Regulators of Vascular Endothelial Growth FactorA and Vascular Endothelial Growth Factor Receptor Expression

VEGF-A expression by tumor cells is upregulated by multiple stimuli, including cytokines, growth factors, hypoxia, and hypoglycemia in addition to activation of oncogenes and mutation of tumor suppressors. The mechanisms by which VEGF-A levels are induced by hypoxia have been extensively elaborated. In normoxic conditions the transcription factor HIF-1a is maintained at low levels, due to the action of the von Hippel-Lindau tumor suppressor (VHL) which directs its ubiquitinylation and proteosome mediated degradation. Hypoxia results in stabilization of HIF-1a, permitting activation of target genes that includes VEGF-A, as well as proteases and adhesion molecules.238,239 Many cancers are characterized by areas of hypoxia, and an association between hypoxia or HIF-1a levels in primary tumors and probability of metastasis has been clinically established.254 In agreement, experimental manipulation of VHL or HIF-1a activity is associated with changes in tumor growth, vascularization, and metastatic potential.255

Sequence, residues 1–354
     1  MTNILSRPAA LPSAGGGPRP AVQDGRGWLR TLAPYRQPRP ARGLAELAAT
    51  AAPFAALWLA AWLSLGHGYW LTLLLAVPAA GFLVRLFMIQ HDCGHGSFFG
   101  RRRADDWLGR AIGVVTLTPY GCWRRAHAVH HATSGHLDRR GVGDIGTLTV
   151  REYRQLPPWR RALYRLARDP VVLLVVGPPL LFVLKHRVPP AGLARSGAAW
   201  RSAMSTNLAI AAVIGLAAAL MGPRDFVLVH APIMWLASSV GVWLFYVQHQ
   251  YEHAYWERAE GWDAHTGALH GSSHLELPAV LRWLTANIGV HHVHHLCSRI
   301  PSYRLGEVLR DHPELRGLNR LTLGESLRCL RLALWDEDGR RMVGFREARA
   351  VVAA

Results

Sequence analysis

Multiple studies have demonstrated that growth factor-mediated stimulation of tumor cells can lead to release of VEGF-A. In particular, activation of both EGFR and HER2 has been demonstrated to play a key role in breast, colon, and pancreatic tumor angiogenesis. Other growth factors that induce VEGF-A release, including IGF1 and hepatocyte growth factor (HGF), are frequently found to be overexpressed, together with their respective receptors, in tumors. VEGF-A upregulation occurs via both HIF-1a dependent and independent mechanisms and blockade of receptor activation is associated with decreased VEGF-A levels and compromised angiogenesis in experimental tumors.256

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